A fascinating historical exhibition will be on view starting next Saturday, May 19th, 2018, open from 12-4pm at the Eastville Heritage House at 139 Hampton St, Sag Harbor.
"Black Leisure: Respite in Sag Harbor" features photographs from the Eastville Community Historical Society’s archive of the Johnson Family Collection. The Black Leisure, Resort, and Recreational movement was primarily a resistance to Jim Crow, and African Americans in Sag Harbor participated in this recognized and national movement.
The survival of these historic documents in Sag Harbor is extraordinary and a tremendous testament to black material culture on the East End. Collectively, Eastville and Sag Harbor Hills, Azurest, and Ninevah (SANS) share 180 years of uninterrupted resiliency and ownership.
Eastville, known as the African-American and Native American neighborhood, was not considered part of Sag Harbor until the late nineteenth century, when several houses were built to accommodate the influx of factory and resort workers. Census records and other documents indicate that many of the male residents of Eastville during the nineteenth century were engaged in Sag Harbor’s most important industry, whaling, including members of the Hempstead, Cuffee, Ward, Pharoah, and Jupiter families.
After the Civil War and the decline of maritime industries in Sag Harbor, many residents of Eastville made a living not from the sea but as support staff for the summer resort industry and year-round wealthy households as cooks, waiters, housekeepers, gardeners, launderers, and seamstresses. It became a multicultural working class community that drew African Americans, Native Americans, and European immigrants.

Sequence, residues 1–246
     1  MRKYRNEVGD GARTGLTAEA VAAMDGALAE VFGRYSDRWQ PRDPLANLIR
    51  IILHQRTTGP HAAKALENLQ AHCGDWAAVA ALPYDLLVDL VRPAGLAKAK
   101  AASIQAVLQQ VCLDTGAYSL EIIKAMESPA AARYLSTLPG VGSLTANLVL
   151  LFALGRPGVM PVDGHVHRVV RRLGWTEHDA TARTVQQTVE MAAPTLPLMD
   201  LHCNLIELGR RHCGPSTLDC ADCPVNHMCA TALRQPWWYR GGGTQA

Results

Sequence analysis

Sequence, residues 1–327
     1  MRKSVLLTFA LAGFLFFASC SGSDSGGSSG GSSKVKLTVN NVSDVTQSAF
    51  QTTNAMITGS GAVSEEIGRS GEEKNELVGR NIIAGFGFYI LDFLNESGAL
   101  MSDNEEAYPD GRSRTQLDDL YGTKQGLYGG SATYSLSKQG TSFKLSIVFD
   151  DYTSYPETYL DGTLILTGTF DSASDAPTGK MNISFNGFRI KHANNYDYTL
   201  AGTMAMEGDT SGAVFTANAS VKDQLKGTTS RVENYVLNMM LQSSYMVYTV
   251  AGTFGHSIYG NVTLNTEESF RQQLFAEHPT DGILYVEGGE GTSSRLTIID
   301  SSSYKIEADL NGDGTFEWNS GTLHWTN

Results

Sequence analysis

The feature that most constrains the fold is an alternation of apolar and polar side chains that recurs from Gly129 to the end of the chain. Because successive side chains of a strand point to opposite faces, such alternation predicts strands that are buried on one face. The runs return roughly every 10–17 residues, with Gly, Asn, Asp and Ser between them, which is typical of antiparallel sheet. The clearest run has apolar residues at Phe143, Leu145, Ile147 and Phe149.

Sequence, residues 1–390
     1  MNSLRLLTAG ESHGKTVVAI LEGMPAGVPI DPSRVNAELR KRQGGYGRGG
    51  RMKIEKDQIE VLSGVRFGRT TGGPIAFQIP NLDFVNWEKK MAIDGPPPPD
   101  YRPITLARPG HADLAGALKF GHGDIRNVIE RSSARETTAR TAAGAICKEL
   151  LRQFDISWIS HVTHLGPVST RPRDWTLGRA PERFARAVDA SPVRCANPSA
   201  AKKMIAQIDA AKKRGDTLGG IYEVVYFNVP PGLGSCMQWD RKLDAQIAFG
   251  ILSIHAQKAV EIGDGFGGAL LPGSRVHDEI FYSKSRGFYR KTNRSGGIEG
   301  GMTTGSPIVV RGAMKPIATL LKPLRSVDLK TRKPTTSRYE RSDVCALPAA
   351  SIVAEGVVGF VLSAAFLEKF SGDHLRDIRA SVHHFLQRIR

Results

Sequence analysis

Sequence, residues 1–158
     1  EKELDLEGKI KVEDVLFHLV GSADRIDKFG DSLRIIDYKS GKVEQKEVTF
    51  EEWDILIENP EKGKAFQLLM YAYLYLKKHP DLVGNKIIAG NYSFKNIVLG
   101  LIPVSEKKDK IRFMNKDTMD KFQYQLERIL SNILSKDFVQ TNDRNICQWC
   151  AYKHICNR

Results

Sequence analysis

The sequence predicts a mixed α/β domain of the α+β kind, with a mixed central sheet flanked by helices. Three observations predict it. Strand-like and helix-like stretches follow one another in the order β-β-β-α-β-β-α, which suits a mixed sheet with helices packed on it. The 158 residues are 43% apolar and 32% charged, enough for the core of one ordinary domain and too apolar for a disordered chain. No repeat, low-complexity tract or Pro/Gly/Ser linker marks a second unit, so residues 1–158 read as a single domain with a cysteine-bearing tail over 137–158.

As Sag Harbor became a tourist destination in the twentieth century, African American vacationers found lodging in Eastville’s boarding houses and built their own homes and developments, leading to its modern identity as a Black waterfront resort community.
Today Eastville retains its ethnic mix, while preserving its modest character amidst the glamour and wealth of the Hamptons. The Black Leisure movement, created in opposition to Jim Crow, gave Blacks access to waterfront recreation. These developments in Sag Harbor have lasted for more than 70 years, unlike some of their counterpart black resort communities such as Idlewild in Chicago, Amelia Island in Florida, and Hilton Head in South Carolina.
The Sag Harbor resort developments had a plethora of professional and cultural ambassadors, who lived, worked, and vacationed in the developments, including Langston Hughes, Lena Horn, Tuskegee airman Roscoe Brown, and Amaza Lee Meredith, “One of the Nation’s First Documented African-American Female Architects” who designed two homes in Sag Harbor’s Azurest community. Oak Bluffs, on Martha’s Vineyard, is one of the more popular Black Leisure places because of its well-known Black celebrity residents and visitors. The Black Leisure movement that lasted for 100 years was in direct opposition to segregation -- separate and unequal. These communities are testaments to and answer Blacks’ unanswered aspirations regardless of attainment.
In addition to the opening on Saturday, May 19th, there will be a free Walking Tour of Eastville with Executive Director Georgette Grier-Key from 2pm-3pm. in celebration and as part of the Sag Harbor Cultural Heritage Weekend, May 18-20th.